The adoption of the Plan Estratégico Nacional de Lucha Contra la Radicalización Violenta (PEN-LCRV – Strategic Plan against Violent Radicalisation) on 30 January 2015 represents a further step in the struggle against violent radicalisation in Spain. I shall now highlight its main features before analysing, in keeping with the framework proposed by Harris-Hogan et al. (2016), the most significant measures that have been implemented. Although it combines PVE and CVE measures, this strategy gives priority to detecting radicalisation.

Produced by the Centro de Inteligencia contra el Terrorismo y el Crimen Organizado (CITCO – Intelligence Centre against Terrorism and Organised Crime),together with twelve ministries, the PEN-LCRV has the same goals as the EICTIR: neutralising the terrorist threat, protecting society from possible attacks, and addressing the processes of violent radicalisation. Three elements justify its implementation: the "foreign fighters" phenomenon, which is to say citizens or residents of Spain who have travelled outside the country to join jihadist organisations, the use of information and communication technologies for purposes of radicalisation, and the funding of terrorist organisations (Ministerio de la Presidencia, 2015: 4). Unlike the EICTIR, which only devotes one pillar to the struggle against radicalisation, the PEN-LCRV deals with the phenomenon in its entirety: it is presented as an “effective instrument of early detection and neutralisation of outbreaks and hotspots of violent radicalisation, acting on at-risk or vulnerable communities, groups, and individuals” (CITCO, 2015: 5).

Like the EICTR, the PEN-LCRV designates three spheres of operation: the “internal sphere” (domestic), the “external sphere” (outside cooperation), and the “cyberspace sphere” (Internet). The internal and cyberspace spheres are concerned with activities for detecting radicalisation: in the internal sphere, to detect “any social or political phenomena that could lead to violence or terrorism”, while, in the area of cyberspace, the aim is to counter the spread of violent extremist propaganda in order to hinder the emergence of such processes (ibid.: 7). This is a matter of detect to prevent: detecting situations that might lead to processes of radicalisation in order to prevent their potential appearance.

At the operational level, the PEN-LCRV establishes three areas that are concerned with the process of radicalisation: the area of prevention (before the process of radicalisation), the area of monitoring (during the process), and the area of action (after the process). The aim of the area of prevention is to “build trust and social legitimisation” and “prevent the spread of violent radical ideologies” (ibid.: 8). This covers primary prevention which is concerned with the population as a whole and therefore acts on the factors that can fuel the radicalisation process. These are collective measures (macro level) to ensure “integration and social coexistence” and to encourage “political-ideological plurality and democratic diversity” (p. 11). Three kinds of action are suggested for the goal of social integration: 1) measures that recognise diversity or, in other words, actions that foster acknowledgement of the different identities, cultures, and traditions that comprise the population; 2) measures that build trust, for example creating mechanisms for communication between citizens and the authorities in order to channel complaints and the requirements of specific groups; and 3) measures of commitment, which encourage citizen participation in the institutions. Furthermore, democratic pluralism and diversity are envisaged as antidotes to violent extremist ideologies.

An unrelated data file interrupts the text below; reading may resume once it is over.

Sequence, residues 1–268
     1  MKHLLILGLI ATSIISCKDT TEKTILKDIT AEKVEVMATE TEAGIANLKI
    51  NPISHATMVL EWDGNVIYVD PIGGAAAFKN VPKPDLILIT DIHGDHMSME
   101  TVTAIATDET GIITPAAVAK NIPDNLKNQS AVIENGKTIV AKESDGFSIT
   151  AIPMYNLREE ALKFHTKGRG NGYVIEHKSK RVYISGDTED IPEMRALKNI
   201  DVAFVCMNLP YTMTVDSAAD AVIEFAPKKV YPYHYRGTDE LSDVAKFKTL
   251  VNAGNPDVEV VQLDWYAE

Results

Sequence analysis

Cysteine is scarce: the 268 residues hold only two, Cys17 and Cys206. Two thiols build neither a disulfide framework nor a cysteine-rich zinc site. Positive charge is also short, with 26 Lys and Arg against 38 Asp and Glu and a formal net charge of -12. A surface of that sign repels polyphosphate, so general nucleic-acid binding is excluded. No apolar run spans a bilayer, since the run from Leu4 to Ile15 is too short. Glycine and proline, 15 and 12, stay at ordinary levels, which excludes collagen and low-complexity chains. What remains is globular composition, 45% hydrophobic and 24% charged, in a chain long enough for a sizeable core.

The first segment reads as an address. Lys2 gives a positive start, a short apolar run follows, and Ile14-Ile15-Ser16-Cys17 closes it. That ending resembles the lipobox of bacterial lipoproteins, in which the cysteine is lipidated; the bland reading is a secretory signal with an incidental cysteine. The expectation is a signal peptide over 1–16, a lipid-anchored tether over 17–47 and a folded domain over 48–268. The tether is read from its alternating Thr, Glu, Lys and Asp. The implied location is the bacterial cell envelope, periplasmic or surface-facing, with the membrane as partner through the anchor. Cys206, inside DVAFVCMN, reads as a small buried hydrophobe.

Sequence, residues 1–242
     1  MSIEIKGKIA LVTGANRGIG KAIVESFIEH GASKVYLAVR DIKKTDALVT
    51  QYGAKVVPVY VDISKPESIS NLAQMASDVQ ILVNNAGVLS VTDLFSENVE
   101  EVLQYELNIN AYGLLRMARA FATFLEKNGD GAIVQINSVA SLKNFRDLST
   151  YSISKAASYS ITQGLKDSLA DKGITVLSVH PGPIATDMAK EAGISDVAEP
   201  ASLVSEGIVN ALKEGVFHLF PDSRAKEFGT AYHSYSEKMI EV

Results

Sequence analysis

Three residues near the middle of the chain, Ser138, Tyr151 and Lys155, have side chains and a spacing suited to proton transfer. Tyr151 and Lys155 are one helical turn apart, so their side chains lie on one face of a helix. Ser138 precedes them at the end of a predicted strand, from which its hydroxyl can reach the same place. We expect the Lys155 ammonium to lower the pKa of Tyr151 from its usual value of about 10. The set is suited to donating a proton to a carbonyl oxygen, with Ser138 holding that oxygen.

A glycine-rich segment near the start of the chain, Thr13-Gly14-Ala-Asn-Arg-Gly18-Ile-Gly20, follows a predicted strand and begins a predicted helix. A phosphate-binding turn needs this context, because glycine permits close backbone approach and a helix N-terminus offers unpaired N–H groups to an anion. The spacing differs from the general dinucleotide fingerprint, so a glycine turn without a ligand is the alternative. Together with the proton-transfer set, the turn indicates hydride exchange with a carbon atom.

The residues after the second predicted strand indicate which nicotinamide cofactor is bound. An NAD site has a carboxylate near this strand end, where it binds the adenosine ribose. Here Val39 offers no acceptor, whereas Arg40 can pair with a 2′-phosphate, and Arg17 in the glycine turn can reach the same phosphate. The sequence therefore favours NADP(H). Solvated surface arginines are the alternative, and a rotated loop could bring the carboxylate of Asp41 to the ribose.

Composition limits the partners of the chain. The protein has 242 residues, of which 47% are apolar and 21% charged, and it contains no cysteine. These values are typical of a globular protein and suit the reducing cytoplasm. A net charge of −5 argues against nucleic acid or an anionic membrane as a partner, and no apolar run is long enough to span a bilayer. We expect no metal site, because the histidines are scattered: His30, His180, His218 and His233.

The plan offers few details about the measures to be implemented, although it does establish three lines of work: 1) strengthening communication between the local and central administrations and adopting legislation to act against processes of radicalisation (administrative cooperation and legislative adaptation block); 2) training the relevant actors (for example civil servants) in prevention and treatment of radicalisation ad fostering awareness-raising and educational campaigns (education, training, and awareness-raising block), and 3) adopting a policy of coherent communication at the administration level (information and communication block).

The area of monitoring focuses on secondary prevention, which is to say it is concerned with people at risk of radicalisation or who show signs of it. It aims to detect, observe, and deal with processes of radicalisation “in the early stages of their evolution” (p. 8). To this end, it provides for a series of individual and/or collective interventions aimed at “vulnerable groups and those at risk of violent radicalisation”. By contrast with the area of prevention, which includes preventive measures on the national scale, this area is primarily implemented at the local level (municipality) with measures of a “social nature” that address the processes of radicalisation at the individual level (micro level) and within groups that are “at risk” (meso level) (p. 8). In this regard, the role of actors from the local security sector is crucial since they are responsible for detecting and assessing possible cases of radicalisation and for producing all measures in this area, even when they are of the social type.